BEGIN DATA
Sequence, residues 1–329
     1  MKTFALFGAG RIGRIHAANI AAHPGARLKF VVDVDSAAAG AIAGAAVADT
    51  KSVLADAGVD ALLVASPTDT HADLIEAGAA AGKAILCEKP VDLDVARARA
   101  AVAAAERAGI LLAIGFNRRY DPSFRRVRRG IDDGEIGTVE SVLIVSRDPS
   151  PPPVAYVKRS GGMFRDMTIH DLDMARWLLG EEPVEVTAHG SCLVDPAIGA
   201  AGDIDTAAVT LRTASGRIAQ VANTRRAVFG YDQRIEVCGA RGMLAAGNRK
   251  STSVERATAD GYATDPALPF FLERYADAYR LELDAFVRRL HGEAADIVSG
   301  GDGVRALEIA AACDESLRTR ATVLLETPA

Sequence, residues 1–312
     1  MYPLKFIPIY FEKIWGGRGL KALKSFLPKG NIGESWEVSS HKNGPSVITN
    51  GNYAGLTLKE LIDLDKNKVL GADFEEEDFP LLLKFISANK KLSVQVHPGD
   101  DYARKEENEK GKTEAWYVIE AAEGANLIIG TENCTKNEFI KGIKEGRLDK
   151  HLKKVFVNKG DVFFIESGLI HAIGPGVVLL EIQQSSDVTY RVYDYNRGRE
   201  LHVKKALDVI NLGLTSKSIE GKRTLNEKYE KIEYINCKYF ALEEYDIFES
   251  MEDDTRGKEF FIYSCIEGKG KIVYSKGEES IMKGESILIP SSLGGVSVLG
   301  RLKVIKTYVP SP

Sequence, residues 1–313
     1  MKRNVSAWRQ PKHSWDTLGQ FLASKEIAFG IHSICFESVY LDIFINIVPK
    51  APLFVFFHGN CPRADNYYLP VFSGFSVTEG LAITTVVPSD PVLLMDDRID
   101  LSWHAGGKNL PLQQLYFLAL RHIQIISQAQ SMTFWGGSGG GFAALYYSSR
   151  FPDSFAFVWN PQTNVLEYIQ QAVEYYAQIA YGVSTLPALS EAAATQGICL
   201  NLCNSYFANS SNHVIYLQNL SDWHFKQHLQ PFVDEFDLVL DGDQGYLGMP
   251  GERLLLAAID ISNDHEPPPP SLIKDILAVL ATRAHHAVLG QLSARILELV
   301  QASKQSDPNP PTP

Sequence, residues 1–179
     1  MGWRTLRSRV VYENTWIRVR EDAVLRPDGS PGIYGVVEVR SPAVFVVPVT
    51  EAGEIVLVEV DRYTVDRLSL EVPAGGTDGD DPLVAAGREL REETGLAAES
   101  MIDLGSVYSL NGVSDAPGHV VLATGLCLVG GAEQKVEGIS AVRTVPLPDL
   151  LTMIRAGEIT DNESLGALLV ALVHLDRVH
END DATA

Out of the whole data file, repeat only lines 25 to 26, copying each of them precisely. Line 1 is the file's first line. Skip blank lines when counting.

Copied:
Sequence, residues 1–179
     1  MGWRTLRSRV VYENTWIRVR EDAVLRPDGS PGIYGVVEVR SPAVFVVPVT